Cleveland Park: Images of America

Reviewed by Judy Hubbard Saul

This new book, Images of America: Cleveland Park, by Paul K. Williams and Kelton C. Higgins, is a must-read for anyone interested in the fascinating local history of the nation’s capital. Through mainly archival photographs, the Images of America series by the South Carolina publishing company Arcadia, documents what is unique about cities, towns, and neighborhoods across the United States. This is the seventh Washington, DC title in the series for Williams, principal of Kelsey and Associates, an architectural preservation firm, and the first Arcadia title for his collaborator, Higgins.

Williams and Higgins appropriately begin their photographic narrative well before President Grover
Cleveland established his summer White House in the area and for whom the neighborhood is named. Included in the book is a drawing of the simple stone farmhouse President Cleveland bought in 1885, and a photograph of the house the following year after he “Victorianized” it. The book begins with photographs from the many grand estates, such as Rosedale, Woodley, and Klingle, which existed in the area in the late 18th and early 19th centuries. Also included are photographs of people important to the area and to the country. People such as Gardiner Greene Hubbard, the first president of the National Geographic Society and the owner of the 1888 Twin Oaks estate, and Ambassador Joseph Davies and his wife Marjorie Merriweather Post, the owners of the 1912 Tregaron estate. The authors document the early residential development along Connecticut and Wisconsin Avenues and the important commercial development along the same corridors. Also included is a chapter on the many apartment buildings in the area.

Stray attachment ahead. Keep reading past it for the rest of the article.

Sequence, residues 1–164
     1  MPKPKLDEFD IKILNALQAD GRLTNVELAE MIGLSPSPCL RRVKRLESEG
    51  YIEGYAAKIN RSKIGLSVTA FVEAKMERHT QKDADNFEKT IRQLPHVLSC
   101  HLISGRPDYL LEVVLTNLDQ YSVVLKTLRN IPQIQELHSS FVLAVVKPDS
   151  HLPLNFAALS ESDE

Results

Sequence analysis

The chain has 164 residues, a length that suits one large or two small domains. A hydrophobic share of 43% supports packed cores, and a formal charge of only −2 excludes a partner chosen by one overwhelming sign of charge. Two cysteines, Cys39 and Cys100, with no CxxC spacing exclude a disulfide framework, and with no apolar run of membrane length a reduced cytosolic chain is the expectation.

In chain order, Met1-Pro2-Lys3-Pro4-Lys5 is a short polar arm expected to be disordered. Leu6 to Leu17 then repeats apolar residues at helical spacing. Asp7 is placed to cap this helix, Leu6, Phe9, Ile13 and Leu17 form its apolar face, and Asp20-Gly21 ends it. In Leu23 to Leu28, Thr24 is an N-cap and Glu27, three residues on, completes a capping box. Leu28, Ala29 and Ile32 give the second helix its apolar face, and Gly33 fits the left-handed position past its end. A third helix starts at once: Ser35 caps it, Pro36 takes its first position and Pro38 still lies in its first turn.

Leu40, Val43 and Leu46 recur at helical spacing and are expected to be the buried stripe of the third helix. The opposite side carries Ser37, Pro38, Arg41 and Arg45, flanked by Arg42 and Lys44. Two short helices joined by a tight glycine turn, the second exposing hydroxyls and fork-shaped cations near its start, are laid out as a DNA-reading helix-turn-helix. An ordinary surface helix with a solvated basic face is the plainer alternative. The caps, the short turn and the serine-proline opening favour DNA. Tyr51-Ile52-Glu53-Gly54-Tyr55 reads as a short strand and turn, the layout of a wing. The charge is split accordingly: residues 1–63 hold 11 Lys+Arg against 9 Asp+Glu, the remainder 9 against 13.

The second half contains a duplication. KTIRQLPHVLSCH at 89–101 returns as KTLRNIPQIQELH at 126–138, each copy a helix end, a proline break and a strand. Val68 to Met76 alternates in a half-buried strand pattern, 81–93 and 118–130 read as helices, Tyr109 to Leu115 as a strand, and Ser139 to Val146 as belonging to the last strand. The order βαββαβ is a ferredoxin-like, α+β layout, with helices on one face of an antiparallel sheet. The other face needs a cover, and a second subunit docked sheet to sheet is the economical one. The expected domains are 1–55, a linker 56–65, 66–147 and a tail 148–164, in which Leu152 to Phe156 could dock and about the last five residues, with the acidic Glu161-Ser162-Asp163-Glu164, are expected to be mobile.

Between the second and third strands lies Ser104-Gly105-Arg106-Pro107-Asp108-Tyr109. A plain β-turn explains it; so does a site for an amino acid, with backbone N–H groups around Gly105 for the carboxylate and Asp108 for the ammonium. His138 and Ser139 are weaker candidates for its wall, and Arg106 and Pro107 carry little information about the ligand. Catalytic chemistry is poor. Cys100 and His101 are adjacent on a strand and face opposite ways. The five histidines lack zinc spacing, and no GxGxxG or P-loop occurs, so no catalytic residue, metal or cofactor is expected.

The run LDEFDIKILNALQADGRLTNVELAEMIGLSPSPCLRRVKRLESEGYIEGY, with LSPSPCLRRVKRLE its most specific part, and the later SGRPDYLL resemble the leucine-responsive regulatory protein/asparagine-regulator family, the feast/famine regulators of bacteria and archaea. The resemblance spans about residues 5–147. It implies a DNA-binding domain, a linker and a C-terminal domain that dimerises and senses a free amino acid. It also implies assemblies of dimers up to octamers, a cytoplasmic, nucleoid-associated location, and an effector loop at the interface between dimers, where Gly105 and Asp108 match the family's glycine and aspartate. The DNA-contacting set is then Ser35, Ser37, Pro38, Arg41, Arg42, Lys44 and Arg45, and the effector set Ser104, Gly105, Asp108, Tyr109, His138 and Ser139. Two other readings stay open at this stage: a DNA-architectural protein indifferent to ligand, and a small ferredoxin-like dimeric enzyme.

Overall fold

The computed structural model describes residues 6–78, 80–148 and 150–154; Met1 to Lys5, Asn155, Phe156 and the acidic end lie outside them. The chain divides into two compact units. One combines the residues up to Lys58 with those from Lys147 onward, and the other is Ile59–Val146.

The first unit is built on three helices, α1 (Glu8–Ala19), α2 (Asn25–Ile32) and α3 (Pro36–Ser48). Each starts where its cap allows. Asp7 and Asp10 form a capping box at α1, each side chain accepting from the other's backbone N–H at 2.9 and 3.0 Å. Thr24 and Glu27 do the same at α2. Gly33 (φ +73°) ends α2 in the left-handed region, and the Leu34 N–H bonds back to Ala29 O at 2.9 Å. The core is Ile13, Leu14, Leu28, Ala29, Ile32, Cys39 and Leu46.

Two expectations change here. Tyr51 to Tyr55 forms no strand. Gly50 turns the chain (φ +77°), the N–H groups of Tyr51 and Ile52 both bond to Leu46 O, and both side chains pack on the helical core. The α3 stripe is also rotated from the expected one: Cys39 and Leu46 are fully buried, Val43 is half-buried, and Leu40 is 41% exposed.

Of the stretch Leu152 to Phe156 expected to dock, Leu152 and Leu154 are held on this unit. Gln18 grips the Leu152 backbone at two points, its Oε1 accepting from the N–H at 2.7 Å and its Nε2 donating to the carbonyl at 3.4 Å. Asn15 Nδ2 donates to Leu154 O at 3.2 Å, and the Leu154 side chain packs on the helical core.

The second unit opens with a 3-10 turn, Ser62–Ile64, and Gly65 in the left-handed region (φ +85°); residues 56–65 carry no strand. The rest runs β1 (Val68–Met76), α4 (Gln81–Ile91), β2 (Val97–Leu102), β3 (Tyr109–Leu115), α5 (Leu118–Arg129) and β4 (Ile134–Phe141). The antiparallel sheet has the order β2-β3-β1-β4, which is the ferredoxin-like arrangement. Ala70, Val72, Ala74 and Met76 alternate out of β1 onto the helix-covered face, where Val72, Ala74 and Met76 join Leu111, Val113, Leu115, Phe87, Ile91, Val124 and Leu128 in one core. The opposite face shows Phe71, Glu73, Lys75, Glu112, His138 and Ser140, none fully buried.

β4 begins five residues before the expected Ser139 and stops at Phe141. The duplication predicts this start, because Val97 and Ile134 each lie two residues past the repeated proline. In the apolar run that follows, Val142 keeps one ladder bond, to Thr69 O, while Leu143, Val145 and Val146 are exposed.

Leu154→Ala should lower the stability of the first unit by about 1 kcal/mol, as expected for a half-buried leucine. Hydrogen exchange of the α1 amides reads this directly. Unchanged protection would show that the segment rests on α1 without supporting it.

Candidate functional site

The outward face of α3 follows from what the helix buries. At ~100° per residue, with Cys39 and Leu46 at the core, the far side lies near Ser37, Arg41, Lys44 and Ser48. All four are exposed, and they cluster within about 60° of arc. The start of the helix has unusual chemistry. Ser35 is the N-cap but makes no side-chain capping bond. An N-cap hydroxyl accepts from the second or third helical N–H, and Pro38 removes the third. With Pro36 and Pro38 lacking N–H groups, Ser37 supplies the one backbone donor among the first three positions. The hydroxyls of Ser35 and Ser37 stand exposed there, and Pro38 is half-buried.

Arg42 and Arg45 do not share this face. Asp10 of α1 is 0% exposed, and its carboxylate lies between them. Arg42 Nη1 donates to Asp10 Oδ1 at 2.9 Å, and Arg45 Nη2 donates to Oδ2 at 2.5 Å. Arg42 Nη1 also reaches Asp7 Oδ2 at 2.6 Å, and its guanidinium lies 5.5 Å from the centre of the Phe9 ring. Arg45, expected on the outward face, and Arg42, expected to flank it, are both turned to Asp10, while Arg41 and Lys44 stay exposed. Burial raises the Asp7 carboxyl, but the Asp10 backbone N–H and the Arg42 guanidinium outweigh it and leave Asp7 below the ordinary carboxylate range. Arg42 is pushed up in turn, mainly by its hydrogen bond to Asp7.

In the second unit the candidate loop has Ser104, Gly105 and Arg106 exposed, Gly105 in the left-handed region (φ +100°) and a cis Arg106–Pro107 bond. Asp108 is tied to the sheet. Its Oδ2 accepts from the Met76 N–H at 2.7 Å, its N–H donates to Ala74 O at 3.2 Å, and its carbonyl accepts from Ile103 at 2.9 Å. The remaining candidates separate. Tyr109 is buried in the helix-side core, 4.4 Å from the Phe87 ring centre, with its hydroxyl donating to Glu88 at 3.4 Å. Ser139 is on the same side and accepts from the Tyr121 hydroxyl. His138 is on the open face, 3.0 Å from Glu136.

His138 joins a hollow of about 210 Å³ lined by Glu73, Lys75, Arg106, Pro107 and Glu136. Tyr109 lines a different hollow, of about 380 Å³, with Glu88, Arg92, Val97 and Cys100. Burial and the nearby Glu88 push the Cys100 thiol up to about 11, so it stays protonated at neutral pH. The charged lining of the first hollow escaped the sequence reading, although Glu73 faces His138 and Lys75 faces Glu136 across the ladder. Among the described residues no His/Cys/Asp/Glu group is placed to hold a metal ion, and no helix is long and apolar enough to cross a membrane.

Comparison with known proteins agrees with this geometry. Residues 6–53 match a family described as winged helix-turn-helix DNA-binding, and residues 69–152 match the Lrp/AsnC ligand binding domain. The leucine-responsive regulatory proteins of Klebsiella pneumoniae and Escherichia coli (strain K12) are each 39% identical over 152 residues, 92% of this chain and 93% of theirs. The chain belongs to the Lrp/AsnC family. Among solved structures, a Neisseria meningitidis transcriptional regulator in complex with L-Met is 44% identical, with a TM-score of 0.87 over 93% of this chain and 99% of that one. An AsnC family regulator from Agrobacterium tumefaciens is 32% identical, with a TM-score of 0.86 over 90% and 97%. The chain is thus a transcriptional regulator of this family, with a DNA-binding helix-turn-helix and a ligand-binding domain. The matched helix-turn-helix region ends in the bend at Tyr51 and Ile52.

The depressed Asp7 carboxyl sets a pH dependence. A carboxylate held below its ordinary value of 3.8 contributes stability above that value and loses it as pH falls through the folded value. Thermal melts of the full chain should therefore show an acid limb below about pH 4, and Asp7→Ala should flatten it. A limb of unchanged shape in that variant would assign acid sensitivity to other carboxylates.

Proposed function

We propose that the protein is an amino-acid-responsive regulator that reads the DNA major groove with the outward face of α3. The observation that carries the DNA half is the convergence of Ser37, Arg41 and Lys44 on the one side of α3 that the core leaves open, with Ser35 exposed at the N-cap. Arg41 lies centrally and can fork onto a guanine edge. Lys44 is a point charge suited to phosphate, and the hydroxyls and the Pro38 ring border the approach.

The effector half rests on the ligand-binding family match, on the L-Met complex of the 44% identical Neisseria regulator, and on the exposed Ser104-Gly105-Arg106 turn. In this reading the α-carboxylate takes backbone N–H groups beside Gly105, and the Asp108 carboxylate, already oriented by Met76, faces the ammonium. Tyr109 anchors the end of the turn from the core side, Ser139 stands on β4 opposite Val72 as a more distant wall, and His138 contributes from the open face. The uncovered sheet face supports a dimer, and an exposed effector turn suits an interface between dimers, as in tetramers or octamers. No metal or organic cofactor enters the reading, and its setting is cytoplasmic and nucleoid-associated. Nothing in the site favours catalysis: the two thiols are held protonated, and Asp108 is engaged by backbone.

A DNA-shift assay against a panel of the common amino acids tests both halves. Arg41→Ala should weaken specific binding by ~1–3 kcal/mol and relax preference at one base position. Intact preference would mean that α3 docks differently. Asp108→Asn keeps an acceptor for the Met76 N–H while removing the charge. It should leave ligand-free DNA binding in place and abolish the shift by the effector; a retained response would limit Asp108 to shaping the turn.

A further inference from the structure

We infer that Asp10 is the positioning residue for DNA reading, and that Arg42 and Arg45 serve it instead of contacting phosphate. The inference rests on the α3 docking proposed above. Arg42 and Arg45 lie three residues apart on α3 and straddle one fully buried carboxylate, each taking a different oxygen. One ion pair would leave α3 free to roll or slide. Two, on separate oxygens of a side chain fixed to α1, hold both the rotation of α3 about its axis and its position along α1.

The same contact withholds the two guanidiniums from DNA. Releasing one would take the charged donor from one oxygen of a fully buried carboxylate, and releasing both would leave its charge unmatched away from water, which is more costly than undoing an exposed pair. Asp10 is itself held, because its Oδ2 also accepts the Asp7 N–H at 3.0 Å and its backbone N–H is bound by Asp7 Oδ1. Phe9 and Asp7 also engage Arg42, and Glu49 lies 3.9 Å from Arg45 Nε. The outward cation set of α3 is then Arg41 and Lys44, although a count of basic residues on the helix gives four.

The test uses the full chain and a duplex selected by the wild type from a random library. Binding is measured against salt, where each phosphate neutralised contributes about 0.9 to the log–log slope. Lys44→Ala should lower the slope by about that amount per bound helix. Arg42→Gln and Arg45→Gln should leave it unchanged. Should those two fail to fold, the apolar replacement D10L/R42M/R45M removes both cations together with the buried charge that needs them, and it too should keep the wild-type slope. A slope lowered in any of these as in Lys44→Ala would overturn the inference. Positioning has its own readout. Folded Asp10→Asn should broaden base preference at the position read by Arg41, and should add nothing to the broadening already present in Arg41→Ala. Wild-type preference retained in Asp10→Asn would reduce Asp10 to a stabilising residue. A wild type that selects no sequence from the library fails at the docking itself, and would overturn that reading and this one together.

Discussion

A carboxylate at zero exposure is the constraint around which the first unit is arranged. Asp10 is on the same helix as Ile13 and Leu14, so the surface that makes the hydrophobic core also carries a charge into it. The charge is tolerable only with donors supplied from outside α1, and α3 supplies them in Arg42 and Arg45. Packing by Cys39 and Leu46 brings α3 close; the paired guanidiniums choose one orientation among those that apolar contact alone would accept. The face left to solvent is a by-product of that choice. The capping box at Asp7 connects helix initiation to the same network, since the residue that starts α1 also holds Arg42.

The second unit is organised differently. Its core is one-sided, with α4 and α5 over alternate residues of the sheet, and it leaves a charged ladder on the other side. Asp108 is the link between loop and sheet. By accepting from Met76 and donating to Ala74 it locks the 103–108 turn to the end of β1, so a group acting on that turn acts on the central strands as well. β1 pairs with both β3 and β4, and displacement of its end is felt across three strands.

What was particularly interesting to me was the inclusion of photographs beyond what we think of as Cleveland Park today: Peirce Mill, the area to the east; the old National Bureau of Standards buildings to the north; the Friendship estate, now McLean Gardens, to the west; and the National Cathedral under construction, to the south. Through historic photographs and informative captions and text, the history of Cleveland Park and its importance to the city and the country unfold in a very readable way.